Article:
The Burning Babe

By Robert Southwell, SJ 1561–1595 Robert Southwell, SJ
As I in hoary winter’s night stood shivering in the snow,
Surpris’d I was with sudden heat which made my heart to glow;
And lifting up a fearful eye to view what fire was near,
A pretty Babe all burning bright did in the air appear;
Who, scorched with excessive heat, such floods of tears did shed
As though his floods should quench his flames which with his tears were fed.
“Alas!” quoth he, “but newly born, in fiery heats I fry,
Yet none approach to warm their hearts or feel my fire but I!
My faultless breast the furnace is, the fuel wounding thorns,
Love is the fire, and sighs the smoke, the ashes shame and scorns;
The fuel Justice layeth on, and Mercy blows the coals,
The metal in this furnace wrought are men’s defiled souls,
For which, as now on fire I am to work them to their good,
      So will I melt into a bath to wash them in my blood.”
      With this he vanish’d out of sight and swiftly shrunk away,
      And straight I called unto mind that it was Christmas day.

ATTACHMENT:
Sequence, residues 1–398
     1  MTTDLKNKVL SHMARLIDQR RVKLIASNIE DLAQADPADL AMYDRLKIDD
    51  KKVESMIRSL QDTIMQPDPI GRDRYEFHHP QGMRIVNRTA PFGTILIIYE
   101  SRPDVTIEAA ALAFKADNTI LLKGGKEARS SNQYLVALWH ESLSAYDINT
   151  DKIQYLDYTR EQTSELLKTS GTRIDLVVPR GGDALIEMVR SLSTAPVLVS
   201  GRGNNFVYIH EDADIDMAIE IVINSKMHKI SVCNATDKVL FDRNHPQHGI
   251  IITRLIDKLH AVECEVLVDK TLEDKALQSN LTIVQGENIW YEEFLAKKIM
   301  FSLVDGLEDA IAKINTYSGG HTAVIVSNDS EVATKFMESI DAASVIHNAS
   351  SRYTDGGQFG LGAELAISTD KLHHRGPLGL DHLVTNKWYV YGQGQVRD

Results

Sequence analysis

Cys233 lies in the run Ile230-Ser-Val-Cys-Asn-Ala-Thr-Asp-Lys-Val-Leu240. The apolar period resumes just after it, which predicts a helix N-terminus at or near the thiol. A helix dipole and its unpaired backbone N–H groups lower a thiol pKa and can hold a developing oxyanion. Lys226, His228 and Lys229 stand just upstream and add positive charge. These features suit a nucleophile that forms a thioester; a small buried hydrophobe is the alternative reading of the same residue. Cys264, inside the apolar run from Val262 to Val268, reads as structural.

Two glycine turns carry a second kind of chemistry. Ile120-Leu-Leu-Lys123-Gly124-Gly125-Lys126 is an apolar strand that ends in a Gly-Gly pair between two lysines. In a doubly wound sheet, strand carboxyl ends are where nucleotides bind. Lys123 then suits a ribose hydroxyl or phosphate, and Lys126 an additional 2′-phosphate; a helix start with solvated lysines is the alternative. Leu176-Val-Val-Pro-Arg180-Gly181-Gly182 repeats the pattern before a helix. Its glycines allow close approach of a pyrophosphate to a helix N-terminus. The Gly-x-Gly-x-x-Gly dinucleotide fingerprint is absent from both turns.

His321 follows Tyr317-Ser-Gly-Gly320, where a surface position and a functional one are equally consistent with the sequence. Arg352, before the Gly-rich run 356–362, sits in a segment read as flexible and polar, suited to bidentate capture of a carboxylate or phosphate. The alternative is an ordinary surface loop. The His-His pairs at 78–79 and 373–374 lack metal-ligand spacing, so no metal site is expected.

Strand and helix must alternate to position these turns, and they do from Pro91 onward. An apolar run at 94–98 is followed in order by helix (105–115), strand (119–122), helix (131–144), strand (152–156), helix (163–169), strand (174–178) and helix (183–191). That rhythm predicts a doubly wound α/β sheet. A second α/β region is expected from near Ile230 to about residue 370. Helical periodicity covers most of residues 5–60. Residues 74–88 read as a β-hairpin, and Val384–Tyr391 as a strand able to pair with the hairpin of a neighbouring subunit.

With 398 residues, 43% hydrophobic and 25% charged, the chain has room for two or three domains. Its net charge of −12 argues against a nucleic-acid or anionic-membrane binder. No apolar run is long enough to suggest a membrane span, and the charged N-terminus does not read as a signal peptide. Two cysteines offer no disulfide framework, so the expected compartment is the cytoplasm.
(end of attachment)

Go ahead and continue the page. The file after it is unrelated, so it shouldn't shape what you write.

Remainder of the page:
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Poet Robert Southwell, SJ 1561–1595


SCHOOL / PERIOD Renaissance

Subjects Nature, Religion, Winter, Christianity

Holidays Christmas

Poetic Terms Metaphor, Couplet


Robert Southwell, a poet and prose writer of William Shakespeare and Ben Jonson's generation, spent his adolescence and early manhood in Italy. His brief literary career flourished during the years when he was an underground Jesuit priest in Protestant England. It is agreed that Southwell brought with him from Italy the themes and the aesthetics of militant Counter-Reformation piety, although there is disagreement over the terms . . .

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Poems by Robert Southwell, SJ

Poem Categorization

SUBJECT Nature, Religion, Winter, Christianity


SCHOOL / PERIOD Renaissance

Poetic Terms Metaphor, Couplet

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Originally appeared in Poetry magazine.

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